October 15, 2011 The Abaconian Section B Page 13 Registration ongoing for Little League By Canishka Alexander On September 17 a registration for Little League Baseball was held at the Murphy Town Ballfield. Even before the registra tion, Coach George Mills said that there had been a good response from children at Central Abaco Primary School where he did a registration there just to gauge their interest. Thirty children were fully registered that Saturday meaning that they had filled out forms, submitted copies of the first three pages of their passports and had paid tion will be ongoing for the next several weeks. Little League is open to children aged seven to 15 years old. Because of the response, Coach Mills appealed to the public to find coaches, so that when the players are separated into teams, they can be assigned to a specific coach for individual practices. Additional plans for this year include having a regular season. In the past only clinics and scrim mages have been offered. This will give the children more op portunities to play, and at the end of the day it will make them better players, he said. Added to that, Coach Mills said that the players will learn discipline, teamwork and sportsmanship. Although Little League has equipment on hand, Coach Mills advised players to bring their own equipment, particularly gloves and cleats. For more information on Little League Baseball Coach George Mills can be contacted at Central Abaco Primary at 367-3457.Basketball and golf programs are offered By Canishka Alexander Ishmael Morley, Youth Coordinator for the Ministry of Youth, Sports and Culture, announced that parents can still sign their children up for the Abaco Junior Golf Program. He made this announcement at a meeting on September 20. He said the purpose of the meeting was to discuss some matters that needed to be sorted out before launching the program. The programs board members were in troduced with Golf Pro Nelson Ranger as the president of the program. Mr. Morley said that the golf program is for the com munity of Abaco and that applications are available at Ministrys Office in the B & L Plaza.Youth in Action offers basketballApplications for the Youth in Action basketball program are available for boys and girls. Mr. Morley said the program has been in operation for seven years after being established by Lyndon Davis of Grand Bahama, and the program is offered free of charge. The players practice every Saturday from 10 a.m. to noon with Mr. Morley and Coaches Patrice Charles and Vogel WIlliams. Workouts generally take place between Abaco Central High Schools basketball court or at Ocean View Park in Dundas Town. Travel opportunities are a part of the program, and several of the basketball players travelled to Grand Bahama and Bimini last season. However, he advised parents to ensure that their children have visas so they can travel to the United States to participate in select tournaments when the time comes. After a successful year, Mr. Morley said that they plan to do some fundraising to assist the players with travel expenses. He reflected on the programs purpose, which is to keep young men off the streets, as he thanked parents for entrusting the players in their care as they anticipate another good year. Sports News Support the Cancer Society Donate Used Items to Be Sold in Their Thrift Shop Visit their shop behind Abaco Groceris Call 367-3744 for info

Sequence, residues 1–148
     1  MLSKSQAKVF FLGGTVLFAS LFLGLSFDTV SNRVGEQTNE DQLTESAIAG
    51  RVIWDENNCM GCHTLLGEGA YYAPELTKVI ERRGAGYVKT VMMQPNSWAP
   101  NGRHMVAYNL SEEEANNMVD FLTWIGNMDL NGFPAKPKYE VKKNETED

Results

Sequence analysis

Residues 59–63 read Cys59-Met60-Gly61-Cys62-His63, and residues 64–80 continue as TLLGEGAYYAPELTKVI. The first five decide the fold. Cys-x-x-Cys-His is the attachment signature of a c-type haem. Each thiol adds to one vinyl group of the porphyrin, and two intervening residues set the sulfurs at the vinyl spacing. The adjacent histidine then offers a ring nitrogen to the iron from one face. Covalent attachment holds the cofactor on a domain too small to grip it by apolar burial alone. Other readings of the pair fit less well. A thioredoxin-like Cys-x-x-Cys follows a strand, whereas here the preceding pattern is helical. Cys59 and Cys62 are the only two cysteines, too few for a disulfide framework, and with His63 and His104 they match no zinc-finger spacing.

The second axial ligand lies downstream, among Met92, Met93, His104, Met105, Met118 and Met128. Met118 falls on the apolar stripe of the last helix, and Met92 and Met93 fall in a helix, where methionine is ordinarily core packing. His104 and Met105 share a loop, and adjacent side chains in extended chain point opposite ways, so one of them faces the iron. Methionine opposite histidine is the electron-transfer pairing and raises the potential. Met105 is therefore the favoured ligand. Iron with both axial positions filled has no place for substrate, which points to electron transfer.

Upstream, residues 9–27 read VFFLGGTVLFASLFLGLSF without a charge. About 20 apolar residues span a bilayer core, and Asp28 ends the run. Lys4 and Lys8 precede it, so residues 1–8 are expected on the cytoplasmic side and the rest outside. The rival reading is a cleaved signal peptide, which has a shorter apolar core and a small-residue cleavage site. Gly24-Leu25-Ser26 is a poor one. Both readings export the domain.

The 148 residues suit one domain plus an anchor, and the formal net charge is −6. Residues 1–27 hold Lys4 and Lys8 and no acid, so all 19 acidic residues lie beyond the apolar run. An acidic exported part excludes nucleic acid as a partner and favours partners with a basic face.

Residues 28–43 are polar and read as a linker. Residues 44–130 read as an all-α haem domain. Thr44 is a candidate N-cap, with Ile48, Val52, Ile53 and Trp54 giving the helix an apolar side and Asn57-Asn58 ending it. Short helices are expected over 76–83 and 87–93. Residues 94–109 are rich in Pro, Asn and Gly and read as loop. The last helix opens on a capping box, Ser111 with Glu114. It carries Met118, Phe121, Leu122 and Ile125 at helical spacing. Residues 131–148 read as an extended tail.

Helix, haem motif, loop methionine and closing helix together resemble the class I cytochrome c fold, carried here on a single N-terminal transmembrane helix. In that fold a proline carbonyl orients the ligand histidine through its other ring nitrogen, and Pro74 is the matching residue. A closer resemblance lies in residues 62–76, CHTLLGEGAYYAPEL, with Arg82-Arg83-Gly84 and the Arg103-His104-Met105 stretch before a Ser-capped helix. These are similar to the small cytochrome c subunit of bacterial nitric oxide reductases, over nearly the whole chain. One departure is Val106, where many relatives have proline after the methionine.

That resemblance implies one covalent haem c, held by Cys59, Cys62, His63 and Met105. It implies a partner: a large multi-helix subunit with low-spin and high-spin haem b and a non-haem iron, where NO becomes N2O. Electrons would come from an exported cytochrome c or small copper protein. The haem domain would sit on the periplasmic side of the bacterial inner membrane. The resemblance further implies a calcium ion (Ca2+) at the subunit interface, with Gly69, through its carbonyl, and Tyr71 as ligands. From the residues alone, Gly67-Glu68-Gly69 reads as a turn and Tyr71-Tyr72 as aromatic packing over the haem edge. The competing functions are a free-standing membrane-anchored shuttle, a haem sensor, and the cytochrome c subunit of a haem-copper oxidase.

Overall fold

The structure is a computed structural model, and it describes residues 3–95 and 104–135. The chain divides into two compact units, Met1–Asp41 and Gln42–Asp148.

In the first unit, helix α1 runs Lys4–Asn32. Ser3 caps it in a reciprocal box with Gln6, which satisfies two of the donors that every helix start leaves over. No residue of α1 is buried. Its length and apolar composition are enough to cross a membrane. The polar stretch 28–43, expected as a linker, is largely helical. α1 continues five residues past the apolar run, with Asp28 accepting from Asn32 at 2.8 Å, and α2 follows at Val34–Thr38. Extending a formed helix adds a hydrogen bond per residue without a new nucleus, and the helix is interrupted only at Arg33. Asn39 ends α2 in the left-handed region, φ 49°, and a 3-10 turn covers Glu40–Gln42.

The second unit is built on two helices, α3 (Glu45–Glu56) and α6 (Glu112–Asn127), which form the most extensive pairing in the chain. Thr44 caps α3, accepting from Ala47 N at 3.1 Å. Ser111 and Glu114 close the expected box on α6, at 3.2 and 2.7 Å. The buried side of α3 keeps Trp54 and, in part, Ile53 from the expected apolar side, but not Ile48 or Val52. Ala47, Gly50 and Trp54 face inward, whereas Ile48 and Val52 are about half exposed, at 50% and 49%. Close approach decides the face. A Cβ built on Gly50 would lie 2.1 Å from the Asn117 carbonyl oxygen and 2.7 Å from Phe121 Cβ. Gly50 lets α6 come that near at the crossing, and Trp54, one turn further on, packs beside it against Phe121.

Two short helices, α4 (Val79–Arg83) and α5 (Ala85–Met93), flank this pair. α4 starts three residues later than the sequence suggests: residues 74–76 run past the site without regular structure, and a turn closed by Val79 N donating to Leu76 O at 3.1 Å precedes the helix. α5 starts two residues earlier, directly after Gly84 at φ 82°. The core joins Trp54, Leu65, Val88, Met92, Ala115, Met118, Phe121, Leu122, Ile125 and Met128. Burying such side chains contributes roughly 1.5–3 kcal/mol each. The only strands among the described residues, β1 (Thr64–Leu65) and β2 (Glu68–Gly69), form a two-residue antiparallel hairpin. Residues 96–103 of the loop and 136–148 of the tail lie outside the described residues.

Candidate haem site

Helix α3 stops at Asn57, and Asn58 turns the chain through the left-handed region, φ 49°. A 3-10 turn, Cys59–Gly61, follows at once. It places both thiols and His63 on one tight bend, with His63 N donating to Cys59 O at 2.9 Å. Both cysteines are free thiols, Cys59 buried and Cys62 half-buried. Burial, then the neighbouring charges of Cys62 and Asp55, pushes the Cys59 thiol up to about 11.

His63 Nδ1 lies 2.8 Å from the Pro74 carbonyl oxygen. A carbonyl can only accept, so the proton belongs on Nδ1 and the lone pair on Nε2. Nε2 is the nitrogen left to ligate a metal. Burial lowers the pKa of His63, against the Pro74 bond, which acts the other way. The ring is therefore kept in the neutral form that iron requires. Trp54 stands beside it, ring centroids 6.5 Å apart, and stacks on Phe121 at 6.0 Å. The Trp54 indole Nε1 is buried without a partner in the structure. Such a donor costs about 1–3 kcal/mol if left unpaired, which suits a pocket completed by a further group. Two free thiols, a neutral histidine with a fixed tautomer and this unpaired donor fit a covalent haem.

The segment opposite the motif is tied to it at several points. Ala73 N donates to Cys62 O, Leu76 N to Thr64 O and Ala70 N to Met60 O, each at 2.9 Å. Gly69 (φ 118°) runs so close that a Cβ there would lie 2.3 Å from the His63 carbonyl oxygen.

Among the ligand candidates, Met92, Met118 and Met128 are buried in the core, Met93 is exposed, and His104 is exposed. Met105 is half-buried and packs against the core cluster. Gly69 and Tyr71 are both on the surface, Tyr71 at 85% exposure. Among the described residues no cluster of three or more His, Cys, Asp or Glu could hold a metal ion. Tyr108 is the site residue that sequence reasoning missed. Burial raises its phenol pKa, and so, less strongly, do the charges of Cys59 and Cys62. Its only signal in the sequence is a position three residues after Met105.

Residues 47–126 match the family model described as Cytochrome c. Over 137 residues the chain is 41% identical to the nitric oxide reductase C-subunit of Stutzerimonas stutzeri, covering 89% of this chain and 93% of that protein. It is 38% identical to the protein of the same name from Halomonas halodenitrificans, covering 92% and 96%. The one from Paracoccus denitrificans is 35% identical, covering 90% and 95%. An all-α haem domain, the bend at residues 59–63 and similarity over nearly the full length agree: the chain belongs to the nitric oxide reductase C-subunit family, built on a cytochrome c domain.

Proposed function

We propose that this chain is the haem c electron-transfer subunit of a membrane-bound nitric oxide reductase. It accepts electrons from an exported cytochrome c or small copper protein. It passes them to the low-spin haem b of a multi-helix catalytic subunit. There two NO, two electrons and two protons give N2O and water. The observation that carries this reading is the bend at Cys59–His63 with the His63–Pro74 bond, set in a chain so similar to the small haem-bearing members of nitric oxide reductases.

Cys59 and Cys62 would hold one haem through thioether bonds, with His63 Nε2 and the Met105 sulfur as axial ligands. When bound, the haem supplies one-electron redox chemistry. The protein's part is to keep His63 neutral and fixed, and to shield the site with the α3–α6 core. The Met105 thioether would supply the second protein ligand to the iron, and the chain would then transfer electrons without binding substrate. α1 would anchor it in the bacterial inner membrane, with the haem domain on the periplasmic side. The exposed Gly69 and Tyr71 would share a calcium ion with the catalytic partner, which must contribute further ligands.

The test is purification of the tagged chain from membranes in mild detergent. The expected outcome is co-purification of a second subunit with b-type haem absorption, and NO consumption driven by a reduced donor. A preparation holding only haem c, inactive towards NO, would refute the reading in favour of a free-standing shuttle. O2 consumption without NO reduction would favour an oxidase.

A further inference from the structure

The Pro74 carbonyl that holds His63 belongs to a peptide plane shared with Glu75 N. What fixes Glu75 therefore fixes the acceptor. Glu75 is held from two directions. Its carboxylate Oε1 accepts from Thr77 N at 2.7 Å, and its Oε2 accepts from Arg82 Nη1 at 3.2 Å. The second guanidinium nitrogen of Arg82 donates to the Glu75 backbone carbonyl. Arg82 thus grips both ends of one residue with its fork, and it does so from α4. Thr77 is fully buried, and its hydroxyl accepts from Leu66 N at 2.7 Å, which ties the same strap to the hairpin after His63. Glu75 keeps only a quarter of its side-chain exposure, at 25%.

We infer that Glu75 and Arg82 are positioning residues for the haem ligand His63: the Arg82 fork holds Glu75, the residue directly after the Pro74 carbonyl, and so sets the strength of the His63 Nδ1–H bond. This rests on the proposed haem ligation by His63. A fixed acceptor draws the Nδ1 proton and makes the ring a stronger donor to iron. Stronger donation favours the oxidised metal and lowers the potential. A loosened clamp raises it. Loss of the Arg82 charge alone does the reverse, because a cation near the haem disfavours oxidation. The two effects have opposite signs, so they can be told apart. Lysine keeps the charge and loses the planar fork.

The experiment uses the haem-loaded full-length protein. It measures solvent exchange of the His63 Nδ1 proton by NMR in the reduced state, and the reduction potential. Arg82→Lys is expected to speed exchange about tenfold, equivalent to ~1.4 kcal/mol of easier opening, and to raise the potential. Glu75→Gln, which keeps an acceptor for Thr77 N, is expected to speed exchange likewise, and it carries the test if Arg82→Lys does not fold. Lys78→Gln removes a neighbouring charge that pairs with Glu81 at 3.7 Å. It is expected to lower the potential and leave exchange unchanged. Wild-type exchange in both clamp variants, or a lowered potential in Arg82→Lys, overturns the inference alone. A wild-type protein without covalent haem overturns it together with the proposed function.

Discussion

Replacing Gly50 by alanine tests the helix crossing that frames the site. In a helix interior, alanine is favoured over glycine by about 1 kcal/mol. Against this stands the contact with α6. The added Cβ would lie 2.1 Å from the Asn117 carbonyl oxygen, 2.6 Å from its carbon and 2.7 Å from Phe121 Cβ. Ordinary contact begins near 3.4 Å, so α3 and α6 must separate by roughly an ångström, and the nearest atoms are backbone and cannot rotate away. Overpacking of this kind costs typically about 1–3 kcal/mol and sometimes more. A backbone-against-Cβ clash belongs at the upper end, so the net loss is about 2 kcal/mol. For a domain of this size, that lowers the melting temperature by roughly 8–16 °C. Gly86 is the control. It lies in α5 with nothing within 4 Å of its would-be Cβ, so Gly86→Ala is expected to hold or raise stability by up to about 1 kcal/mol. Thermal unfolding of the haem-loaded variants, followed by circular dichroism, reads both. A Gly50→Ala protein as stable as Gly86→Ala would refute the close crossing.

Page 14 Section B The Abaconian October 15, 2011 1 am writing to you about the new political party group, the DNA, and why it was formed. Lets take a little journey down memory lane. Mr. Branville McCartney was a Cabinet Member with responsibility for Immigration. He went against the FNMs policy by his poor, inhumane decision in that he wanted the Prime Minister to send the Haitians that were being detained back to their earthquake-ravaged country. He had to be reprimanded by the Leader, the Right Honourable Hubert Ingraham. Roscoe Thompson is also guilty of making poor inhu mane decisions. He supported trying to make people move off the land in Pigeon Peas for who knows what? Now he is down in The Mud and Pigeon Peas trying to convince them that he is concerned for them and that they need to vote for the DNA. Roscoe also had to be reprimanded by the Leader, The Right Honourable Hubert Ingraham. Now lets talk about Roscoes unstable moves. He put in for the FNMs nomination, was turned down, gets upset with the Prime Minister, decides to go Indepen dent, then he decides to ask the PLP for their nomination. He is what you call a spoiler. The only reason he joined the DNA with Branville McCartney is to try and knock the MP for South Abaco, Edison Key, out of political office. He has no concern for Abaco, Abaco nians or The Bahamas. The DNA will not be the next government of this country, so a wasted vote for the DNA will be a vote for the PLP. Come on, people and young people, open your eyes! Yes Roscoe might be pretty to look at but thats all he is. He has nothing to offer you. He could not even take care of you under the Office of Local Govern ment that he was in charge of. Oh yes, Roscoe, let me remind you, if it wasnt for the MP of South Abaco, the Honourable Edison Key, you wouldnt have won that election either. He went house to house with you introducing you to people. But I guess you have a short memory. This country, like the rest of the world, is going through a recession. Not many of us know about times like these. It is tough for all of us, but thank the Lord that we have a level-headed leader, the Right Honour able Hubert Alexander Ingraham. He can make tough and sometimes painful decisions to get us all through this. He has the whole country to think of, not just himself. We have a Member of Parliament for South Abaco, the Honourable Edison Key, who has diligently dedicated thirty-five years to politics, not to improve himself but to improve the way of life for Abaconians and Bahami ans throughout this country. For the past four years we have seen millions of dollars pumped into Abaco, and yes, this is not just an election ploy, but let me remind some of you, things happen in Gods time not our time. Let us give thanks and stop being ungrateful. For some that might ask what has been done let me name a few. 1. The new BEC plant that finally found its resting place at Buzzard Hill. But listening to the people, we got diesel instead of bunker C, which now we have higher electricity bills. (You cant say the government does not listen to you). 2. The extended runway and a new international airport and tower. 3. The new government complex and the sports com plex. 4. Improvements to roads and water. Spring City is now little city with all the new homes and roads and city water. Yes, Roscoe, you did not want this to hap pen either, but it did. 5. The new farmers market which will be able to house the crafters and farmers so that they can showcase and sell their goods. This also has come under the direc tion of the Chairman of BAIC our MP, the Honourable Edison Key for South Abaco. Mr. Key has also helped persons to access land for farming for almost nothing through BAIC. My list can go on and on. Roscoe, you talk about edu cation. You make us Bahamian people look like we are stupid and our teachers dont know how to teach. You say that we are four years behind China and two years behind the United States of America. I do not know how you did in school, but when I was in school our teachers taught A levels, which was equivalent to a second year in college. If you were to do a survey of the young adults that go abroad, they come back with honors. You may be surprised. So it is very belittling to say that our education system is not up to par. What it is, is the backing that our children get at home from us parents. Try and find something else to talk about then the D average of students. It is not the governments fault; it is a reflection on us parents. I urge you voters, DO NOT allow inexperienced peo ple to lead you astray. They do not answer when asked about serious and honest plans for the future because they have no clue about governing. Stick with our Prime Minister, the Honourable Hu bert Alexander Ingraham, and our MP and Chairman of BAIC, the Honourable Edison Key, along with the Free National Movement party who have all worked together sacrificing for many years to improve life for Abaconians and Bahamians everywhere. Its not just what our MPs can do for us that should count. Politics is about the betterment of all of us as a country, together as one. Just remember a vote for the DNA is a vote for the PLP. Let us continue the growth and improvements to our country. Its a matter of trust! Vote FNM. Keep the fire burning!Why change? Lets keep proven success Edison Key and the Rt. Hon. Hubert Ingraham Ron-Paul Cabinets Plus Marsh Harbour Ph: 367-0546 SOLID WOOD C all or visit our showroom 4 DRAWER CHEST OF DRAWERStarting at $450.00 6 DRAWER DRESSER & MIRROR $750.00 ORTHOPEDIC MATTRESS & BOXSPRING SPECIAL Twin Mattress $190.00 Boxspring $140.00 Full Mattress $225.00 Boxspring $150.00 Queen Mattress $285.00 Boxspring $165.00 King Mattress $380.00 Boxspring $250.00 Twin Mattress $155.00 Boxspring $125.00 Full Mattress $205.00 Boxspring $135.00 Queen Mattress $230.00 Boxspring $165.00 King Mattress $295.00 Boxspring $220.00 REGULAR MATTRESS & BOXSPRING Quality Star Auto Service Station And GarageDon MacKay Blvd., Marsh HarbourTHE PLACE FOR YOUR ENTIRE AUTOMOBILE AND TRUCK NEEDSWe stock a wide variety of parts and tyres. If you need an item that is not in stock, we will quickly import it for you Open 7 am 7 pm Monday thru Thursday 7 am 8 pm F riday and Saturday Tel: (242) 367-2979 Abaco now has its first shuttle service. Passengers leaving Marsh Harbour on the IBC Travel flight on October 9 had to be transported to the plane on a luggage buggy because of flooding of the ramp area. Arriving passengers removed their shoes to wade through ankle deep water to get to the terminal. Volunteer firemen Danny Sawyer and Timothy McDonald of the Marsh Harbour Volun teer Fire Department were in water several inches deep when they were asked to clean drains at the Marsh Harbour airport to relieve flooding. They tried to blow out the drains of accumulated debris to allow the water to drain. However, of the two drains on the north of the runway, only one could be cleared as the drain near the construction site was solidly clogged. Rains for the six days of bad weather totaled about 8.6 inches in Marsh Harbour but much of it was on October 7, the day this picture was taken. Flooding of streets was common throughout Central Abaco. However, the storm drains in central Marsh Harbour were effective in letting it drain quickly. The rains were effective in show ing where roads now under construction in the Marsh Harbour area need to be raised.